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This week our Head of Boarding, Claire Miller, takes a look at the crucial role matrons play in a boarding school.
When your child heads off to boarding school there are many members of staff you, as a parent, will get to know quickly: housemaster/housemistress (known as hsm at Bryanston), tutor, subject teachers, the Head, the list goes on. However, there is one key member of staff who will be central to your child’s life at school and who you will also get to know well: their matron.
Matrons at Bryanston are at the heart of the school and at the core of the pastoral care of the pupils. They are key to the smooth running of any boarding school and at Bryanston, we feel we have one of the very best team of matrons a school could ask for. The essential role of a boarding house matron has not changed a great deal over the years, however, it has certainly become more complex as the pressures of growing up have changed.
Our matrons are dedicated to their role in the school and devoted to the pupils in their house. At Bryanston, their day begins by 8.15am and by the time pupils have left the house, their matron has registered them, made sure they have made their bed, tidied their room, packed their books and departed for Main School in time for their first commitment of the day. This might be assembly, Chapel or lessons. During the morning, while pupils are in lessons, matrons work with the domestic team to ensure the boarding house is shipshape. In the afternoon, while the hsm may be teaching or coaching, matrons are with the pupils to offer advice and support and, when needed, the motivation to try harder. They are also masters of baking and many of our matrons will do a variety of activities with a small group of pupils in their house during the afternoon before they leave at 6pm to return to their own families and enjoy a well deserved rest before starting again at 8.15am the next morning.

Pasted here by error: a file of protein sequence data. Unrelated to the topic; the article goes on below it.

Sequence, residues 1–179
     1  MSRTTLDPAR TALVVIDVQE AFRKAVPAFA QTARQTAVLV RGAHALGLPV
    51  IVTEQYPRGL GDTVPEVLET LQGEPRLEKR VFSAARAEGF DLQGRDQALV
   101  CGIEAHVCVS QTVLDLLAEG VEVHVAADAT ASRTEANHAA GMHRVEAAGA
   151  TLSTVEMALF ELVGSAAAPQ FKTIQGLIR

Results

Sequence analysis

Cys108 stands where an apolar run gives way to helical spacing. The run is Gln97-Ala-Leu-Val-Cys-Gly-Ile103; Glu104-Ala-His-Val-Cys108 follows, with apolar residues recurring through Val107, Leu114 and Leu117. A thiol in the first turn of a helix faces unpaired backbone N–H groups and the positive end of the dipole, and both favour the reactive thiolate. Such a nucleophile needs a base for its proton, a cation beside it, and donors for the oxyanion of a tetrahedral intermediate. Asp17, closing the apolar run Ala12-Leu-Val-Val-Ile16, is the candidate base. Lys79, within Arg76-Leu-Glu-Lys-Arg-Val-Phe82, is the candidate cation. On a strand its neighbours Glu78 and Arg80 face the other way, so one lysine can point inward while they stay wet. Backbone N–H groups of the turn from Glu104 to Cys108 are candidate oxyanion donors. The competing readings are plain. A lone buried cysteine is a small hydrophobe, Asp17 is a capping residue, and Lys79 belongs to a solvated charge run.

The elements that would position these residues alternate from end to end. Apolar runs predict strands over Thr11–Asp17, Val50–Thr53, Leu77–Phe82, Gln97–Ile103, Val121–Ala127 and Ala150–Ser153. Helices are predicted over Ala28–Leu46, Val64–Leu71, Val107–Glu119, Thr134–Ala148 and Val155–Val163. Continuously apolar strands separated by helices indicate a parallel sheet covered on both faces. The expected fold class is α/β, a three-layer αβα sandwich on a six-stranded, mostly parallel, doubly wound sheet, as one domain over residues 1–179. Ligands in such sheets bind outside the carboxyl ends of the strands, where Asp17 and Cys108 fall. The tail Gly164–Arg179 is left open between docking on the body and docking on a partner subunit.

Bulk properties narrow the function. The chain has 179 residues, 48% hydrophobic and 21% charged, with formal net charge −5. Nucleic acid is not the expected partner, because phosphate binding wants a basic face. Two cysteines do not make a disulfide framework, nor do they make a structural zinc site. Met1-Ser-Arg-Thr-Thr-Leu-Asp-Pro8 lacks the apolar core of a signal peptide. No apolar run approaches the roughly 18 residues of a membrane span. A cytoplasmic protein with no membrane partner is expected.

Matrons are often the first port of call for pupils for everything from mending clothes to providing a friendly ear and a shoulder to lean on, and pupils are more likely to notice if matron isn’t there than if their hsm isn’t. The matron is somebody who the pupils know they can depend on and they play a big part in the lives of our pupils. As one hsm once noted of a departing matron:
On the many occasions that Matron has taken a boy to hospital and I cover break, I sit in her office and boys come in, look, pause and leave. When I ask if I can help, they say, “I’ll wait for Matron.”
It isn’t only the pupils who rely on matrons, they also provide essential support to hsms, especially as they have a keen eye for the early warning signs of potential problems and often see pupils when they’re off guard. The partnership between matrons and hsms helps to ensure no pupil slips through the net.
While matrons come with different personalities and approaches, they share certain key characteristics that make them stand out: kindness, patience, understanding, wisdom, fairness, organisation, approachability and an open and honest communication style. Above all, they are committed to the wellbeing of all pupils in their house. Unassuming and always there for your child, boarding house matrons are hidden gems.